This section goes on for pages and pages, but this is really the only sentence you need. It could be that Hillary’s email server was hacked. Anything is possible. But despite tons of forensic analysis, the FBI found no evidence of it. This doesn’t mean that Hillary should have used a private server, and it doesn’t mean her server used best security practices. She shouldn’t have, and it didn’t. Nonetheless, there’s no reason to think her server was ever hacked other than “don’t be an idiot, of course it was.”
Oddly, the FBI never really addresses the issue of whether Hillary violated federal record retention rules. They obviously believe that she should have used a State email account for work-related business, but that’s about it. I suppose they decided it was a non-issue because Hillary did, in fact, retain all her emails and did, in fact, turn them over quickly when State requested them.
There’s also virtually no discussion of FOIA. What little there is suggests that Hillary’s only concern was that her personal emails not be subjected to FOIA simply because they were held on the same server as her work emails.
If you read the entire report, you’ll find bits and pieces that might show poor judgment on Hillary’s part. The initial decision to use one email device is the obvious one, something that Hillary has acknowledged repeatedly. Another—maybe—is her staff’s view of what was safe to send over unclassified email. But this is very fuzzy. It could be that her staff knew exactly what it was doing, and it’s the subsequent classification authorities who are wrong. This is something that it’s impossible to judge since none of us will ever see the emails in question.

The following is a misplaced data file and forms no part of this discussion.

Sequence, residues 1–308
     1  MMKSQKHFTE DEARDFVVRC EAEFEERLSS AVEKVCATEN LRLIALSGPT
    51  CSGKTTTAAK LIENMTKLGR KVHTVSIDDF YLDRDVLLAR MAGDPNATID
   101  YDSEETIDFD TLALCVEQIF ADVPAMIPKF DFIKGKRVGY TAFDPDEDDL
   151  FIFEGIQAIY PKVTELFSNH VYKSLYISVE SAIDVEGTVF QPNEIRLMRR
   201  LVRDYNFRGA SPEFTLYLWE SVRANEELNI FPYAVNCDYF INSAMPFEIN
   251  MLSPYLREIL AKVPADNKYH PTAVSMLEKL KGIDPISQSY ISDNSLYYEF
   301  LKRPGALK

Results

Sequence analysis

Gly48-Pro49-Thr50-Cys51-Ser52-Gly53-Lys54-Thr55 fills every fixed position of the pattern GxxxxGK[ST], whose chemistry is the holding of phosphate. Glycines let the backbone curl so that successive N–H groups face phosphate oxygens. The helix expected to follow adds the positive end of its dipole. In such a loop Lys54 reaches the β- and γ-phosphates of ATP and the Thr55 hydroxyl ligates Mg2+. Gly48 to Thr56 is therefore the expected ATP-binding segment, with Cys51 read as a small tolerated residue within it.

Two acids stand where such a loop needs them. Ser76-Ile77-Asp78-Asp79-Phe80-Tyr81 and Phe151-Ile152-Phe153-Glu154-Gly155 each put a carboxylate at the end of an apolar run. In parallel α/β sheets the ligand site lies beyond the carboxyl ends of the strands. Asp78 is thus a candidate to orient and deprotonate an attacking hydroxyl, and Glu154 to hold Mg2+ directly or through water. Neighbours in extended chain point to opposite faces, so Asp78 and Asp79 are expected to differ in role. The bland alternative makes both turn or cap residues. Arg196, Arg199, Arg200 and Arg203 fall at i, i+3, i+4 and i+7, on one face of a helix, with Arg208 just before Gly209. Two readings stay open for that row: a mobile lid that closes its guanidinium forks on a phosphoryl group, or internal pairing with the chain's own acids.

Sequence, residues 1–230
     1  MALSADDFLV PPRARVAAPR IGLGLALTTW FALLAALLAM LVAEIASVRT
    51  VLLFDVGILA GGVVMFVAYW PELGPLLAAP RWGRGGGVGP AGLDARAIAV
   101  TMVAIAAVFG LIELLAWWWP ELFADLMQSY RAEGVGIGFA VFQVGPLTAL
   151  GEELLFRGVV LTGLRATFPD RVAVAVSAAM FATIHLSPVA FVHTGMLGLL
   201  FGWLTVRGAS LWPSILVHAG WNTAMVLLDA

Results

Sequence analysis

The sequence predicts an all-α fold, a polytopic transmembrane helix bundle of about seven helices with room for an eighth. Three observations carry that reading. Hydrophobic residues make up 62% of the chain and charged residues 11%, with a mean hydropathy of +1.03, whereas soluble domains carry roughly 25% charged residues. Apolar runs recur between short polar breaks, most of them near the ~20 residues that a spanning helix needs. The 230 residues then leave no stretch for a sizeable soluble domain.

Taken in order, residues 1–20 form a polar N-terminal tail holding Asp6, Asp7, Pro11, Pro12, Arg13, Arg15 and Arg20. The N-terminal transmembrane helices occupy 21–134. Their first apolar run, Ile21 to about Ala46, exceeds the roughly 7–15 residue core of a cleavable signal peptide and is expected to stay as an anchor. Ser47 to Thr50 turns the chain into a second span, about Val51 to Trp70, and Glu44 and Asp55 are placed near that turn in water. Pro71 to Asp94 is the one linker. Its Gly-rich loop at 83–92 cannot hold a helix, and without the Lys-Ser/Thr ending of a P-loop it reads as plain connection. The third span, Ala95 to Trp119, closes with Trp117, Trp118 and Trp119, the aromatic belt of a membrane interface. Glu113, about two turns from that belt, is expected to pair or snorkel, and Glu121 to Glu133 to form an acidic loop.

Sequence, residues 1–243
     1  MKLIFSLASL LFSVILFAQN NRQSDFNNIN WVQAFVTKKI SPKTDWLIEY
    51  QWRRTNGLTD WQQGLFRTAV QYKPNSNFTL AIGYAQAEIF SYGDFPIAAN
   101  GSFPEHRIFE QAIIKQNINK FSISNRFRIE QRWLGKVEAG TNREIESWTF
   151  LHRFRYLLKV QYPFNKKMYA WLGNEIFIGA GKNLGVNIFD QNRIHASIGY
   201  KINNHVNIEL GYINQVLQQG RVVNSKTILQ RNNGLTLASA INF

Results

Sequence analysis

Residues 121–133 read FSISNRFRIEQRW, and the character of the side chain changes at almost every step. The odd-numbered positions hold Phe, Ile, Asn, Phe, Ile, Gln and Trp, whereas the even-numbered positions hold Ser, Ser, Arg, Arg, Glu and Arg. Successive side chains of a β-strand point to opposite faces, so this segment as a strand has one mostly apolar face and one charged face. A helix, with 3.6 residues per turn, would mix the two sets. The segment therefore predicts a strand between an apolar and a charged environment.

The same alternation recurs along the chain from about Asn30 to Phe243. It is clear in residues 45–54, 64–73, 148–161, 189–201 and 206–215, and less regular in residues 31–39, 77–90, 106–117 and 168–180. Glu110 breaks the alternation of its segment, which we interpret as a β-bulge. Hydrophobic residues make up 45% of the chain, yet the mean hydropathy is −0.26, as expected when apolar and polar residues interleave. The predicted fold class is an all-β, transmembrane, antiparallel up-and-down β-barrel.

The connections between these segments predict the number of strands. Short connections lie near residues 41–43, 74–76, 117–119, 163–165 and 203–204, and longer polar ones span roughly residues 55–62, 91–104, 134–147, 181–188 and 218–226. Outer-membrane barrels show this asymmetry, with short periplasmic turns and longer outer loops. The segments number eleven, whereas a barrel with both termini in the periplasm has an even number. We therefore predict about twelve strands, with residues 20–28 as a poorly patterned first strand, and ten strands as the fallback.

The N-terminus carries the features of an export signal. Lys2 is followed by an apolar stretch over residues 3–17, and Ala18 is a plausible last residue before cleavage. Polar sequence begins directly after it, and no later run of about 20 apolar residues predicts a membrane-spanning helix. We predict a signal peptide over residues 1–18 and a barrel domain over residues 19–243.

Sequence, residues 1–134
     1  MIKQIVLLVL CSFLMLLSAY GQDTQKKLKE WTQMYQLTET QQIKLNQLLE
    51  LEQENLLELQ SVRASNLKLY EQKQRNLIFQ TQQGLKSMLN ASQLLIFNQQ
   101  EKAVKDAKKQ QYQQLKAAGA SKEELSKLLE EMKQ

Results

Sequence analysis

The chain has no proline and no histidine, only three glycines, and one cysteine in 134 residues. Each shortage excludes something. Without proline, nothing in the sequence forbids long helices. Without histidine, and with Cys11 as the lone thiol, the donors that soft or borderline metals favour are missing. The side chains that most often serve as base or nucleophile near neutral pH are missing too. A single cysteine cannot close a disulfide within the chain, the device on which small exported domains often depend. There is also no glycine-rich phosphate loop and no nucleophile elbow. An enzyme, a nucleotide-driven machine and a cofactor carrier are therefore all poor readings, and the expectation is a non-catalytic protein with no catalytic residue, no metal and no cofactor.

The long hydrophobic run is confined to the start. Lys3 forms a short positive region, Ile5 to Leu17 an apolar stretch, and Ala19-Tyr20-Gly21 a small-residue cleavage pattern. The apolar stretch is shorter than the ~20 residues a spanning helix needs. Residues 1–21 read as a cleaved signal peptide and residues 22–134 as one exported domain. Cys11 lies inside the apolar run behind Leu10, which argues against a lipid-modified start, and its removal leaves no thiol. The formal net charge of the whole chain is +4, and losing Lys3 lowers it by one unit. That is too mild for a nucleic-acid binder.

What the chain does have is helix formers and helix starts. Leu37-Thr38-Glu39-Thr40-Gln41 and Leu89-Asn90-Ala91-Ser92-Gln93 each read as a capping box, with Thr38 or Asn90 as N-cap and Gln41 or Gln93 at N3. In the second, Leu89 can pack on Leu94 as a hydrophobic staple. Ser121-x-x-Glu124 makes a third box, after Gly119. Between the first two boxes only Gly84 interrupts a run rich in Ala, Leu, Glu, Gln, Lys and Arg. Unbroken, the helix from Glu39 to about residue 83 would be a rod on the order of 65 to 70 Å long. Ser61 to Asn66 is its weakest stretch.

That said, this report is pretty much an almost complete exoneration of Hillary Clinton. She wasn’t prohibited from using a personal device or a personal email account, and others at state did it routinely. She’s told the truth all along about why she did it. Colin Powell did indeed advise her about using personal email shortly after she took office, but she chose to follow the rules rather than skirt them, as Powell did. She didn’t take her BlackBerry into her office. She communicated with only a very select group of 13 people. She took no part in deciding which emails were personal before handing them over to State. She had nothing to do with erasing information on the PRN server. That was a screw-up on PRN’s end. She and her staff all believed at the time that they were careful not to conduct sensitive conversations over unclassified email systems. And there’s no evidence that her server was ever hacked.
There’s remarkably little here. If you nonetheless believe that it’s enough to disqualify Hillary from the presidency, that’s fine. I have no quarrel with you. But if the FBI is to be believed, it’s all pretty small beer.